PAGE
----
If we have to stand up for hours at a hearing or protest by sitting down on the courthouse steps, animal cruelty will be vigorously prosecuted—but only when we, as local voters, refuse to tolerate cruelty one minute more. 

OAA Offers Reward

posted December 19th, 2013 by
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The Oklahoma Alliance for Animals is issuing a $2,500 reward for anyone with information that leads to an arrest and conviction of this crime. We encourage others to match our reward and can contact us at 918-742-3700 or email us at [email protected] Tulsa County sheriff’s deputies are investigating an area in north Tulsa where several dogs were found dead. There are many indications of a possible dog fighting ring in the area of 56th Street North near Yale. Because this is in ongoing investigation, details cannot be released at this time. These types of animal cruelty should never be tolerated and OAA is offering the reward of $2,500.00 in hopes to bring justice to these dogs. If you have any information that can lead to the arrest and conviction of this case, please call the Tulsa County Sherriff’s office at 918-596-5601.
The OAA Cruelty Program provides extra incentive to help support convictions of animal cruelty cases. This is done by paying for rewards for information, informing the public of cruelty acts, through covering costs to ensure all evidence is provided for the courts. To help our efforts and increase the reward, please donate to the Cruelty Program on our website at
About OAA: OAA’s mission: Oklahoma Alliance for Animals is dedicated to reducing pet overpopulation, encouraging responsible pet ownership and promoting the humane treatment of animals through community collaboration and education. OAA’s vision: To transform Oklahoma communities into places where all animals are treated humanely and no healthy, adoptable dog or cat is destroyed merely because it does not have a home.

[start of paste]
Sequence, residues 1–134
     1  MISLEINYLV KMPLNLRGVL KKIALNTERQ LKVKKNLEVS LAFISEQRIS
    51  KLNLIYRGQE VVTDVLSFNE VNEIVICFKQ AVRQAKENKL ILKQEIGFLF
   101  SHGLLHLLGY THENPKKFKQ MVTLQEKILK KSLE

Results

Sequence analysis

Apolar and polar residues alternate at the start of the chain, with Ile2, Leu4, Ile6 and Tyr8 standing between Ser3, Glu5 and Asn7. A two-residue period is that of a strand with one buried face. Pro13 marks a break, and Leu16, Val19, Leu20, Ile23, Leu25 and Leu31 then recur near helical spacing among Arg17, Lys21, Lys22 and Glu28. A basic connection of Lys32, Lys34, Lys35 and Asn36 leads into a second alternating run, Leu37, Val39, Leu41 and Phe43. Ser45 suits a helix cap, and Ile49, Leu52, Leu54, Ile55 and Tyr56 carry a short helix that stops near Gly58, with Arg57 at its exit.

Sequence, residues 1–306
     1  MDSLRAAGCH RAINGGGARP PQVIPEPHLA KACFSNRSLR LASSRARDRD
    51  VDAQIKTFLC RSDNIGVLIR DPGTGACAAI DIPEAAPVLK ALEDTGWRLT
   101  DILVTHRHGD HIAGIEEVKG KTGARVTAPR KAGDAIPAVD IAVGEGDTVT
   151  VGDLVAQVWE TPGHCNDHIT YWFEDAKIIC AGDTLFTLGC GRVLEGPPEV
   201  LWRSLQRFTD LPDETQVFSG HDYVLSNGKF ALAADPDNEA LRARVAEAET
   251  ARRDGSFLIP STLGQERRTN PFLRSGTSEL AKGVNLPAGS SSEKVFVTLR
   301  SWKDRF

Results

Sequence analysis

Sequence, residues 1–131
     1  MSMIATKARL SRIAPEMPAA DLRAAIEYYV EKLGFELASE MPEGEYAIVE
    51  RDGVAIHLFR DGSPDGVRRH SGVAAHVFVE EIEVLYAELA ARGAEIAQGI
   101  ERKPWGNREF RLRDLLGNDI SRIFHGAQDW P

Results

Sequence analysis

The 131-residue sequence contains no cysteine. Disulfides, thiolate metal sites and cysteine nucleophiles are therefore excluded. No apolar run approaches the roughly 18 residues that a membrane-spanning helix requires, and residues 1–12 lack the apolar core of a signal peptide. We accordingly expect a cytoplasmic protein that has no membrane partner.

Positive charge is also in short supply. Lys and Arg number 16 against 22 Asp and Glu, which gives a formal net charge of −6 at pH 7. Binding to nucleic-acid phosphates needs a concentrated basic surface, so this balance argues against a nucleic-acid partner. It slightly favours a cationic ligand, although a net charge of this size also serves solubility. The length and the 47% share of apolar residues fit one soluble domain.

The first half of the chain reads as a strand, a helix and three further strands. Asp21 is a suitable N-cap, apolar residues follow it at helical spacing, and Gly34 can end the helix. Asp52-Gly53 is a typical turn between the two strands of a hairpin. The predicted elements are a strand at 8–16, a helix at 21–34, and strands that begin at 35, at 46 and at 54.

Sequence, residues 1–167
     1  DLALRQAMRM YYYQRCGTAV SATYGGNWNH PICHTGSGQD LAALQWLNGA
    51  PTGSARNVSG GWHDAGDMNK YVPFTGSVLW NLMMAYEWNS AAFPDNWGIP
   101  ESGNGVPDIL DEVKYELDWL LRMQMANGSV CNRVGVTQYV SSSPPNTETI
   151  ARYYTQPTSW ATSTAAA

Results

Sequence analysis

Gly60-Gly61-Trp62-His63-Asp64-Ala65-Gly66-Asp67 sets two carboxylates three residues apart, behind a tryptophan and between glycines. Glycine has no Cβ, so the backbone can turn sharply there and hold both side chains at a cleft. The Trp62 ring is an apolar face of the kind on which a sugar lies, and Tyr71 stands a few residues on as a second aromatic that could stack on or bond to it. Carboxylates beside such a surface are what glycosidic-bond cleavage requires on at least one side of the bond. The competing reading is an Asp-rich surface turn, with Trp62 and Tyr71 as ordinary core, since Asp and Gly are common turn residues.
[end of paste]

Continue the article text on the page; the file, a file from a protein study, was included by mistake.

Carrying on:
OAA offers Reward

posted November 19th, 2013 by
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Oklahoma Alliance for Animals (OAA) is offering $2,500.00

for the arrest and conviction of animal cruelty for Spaz

Following news broke:

BLANCHARD, Okla. – Police are searching for whoever is responsible for targeting a one-year-old dog with a bow and arrow. Erin Dodson came home Monday afternoon to find her pit bull “Spaz” shot full of arrows, the target of animal cruelty. “He wasn’t crying, he wasn’t nothing.” Dodson said. “He just looked at me and he was so, such sad eyes.” Her children couldn’t believe someone would do that to their pets. “No, there’s no way nobody could be that cruel and shoot my dog with a bow and arrow.” Her 13-year-old son, Joey, said. Dodson called police then rushed Spaz to Animal Emergency Center for surgery. Dr. Joe Bills Reynolds pulled three arrows out of Spaz. He has treated many injuries where dogs were accidentally shot, but to see one deliberately targeted like this is disturbing. ‘This is someone’s pet, someone’s kid.” He said. “You know, they just don’t need to be doing that kind of thing. It’s really sad.” Reynolds says Spaz is an incredibly lucky dog. A few inches one way or the other and it would have killed him. “I’m very, very fortunate that these were practice arrows and not the arrows that are more razor-tipped. They would have caused a tremendous amount of more damage to the dog.” For now, Spaz is limping his way to recovery. Doctors say if all goes well, Spaz should be going home Wednesday. Police do not have any suspects so far. If you know anything, call police. The surgery to save Spaz’s life cost about $3000. If you want to help the family with their medical bills, call Animal Emergency Care at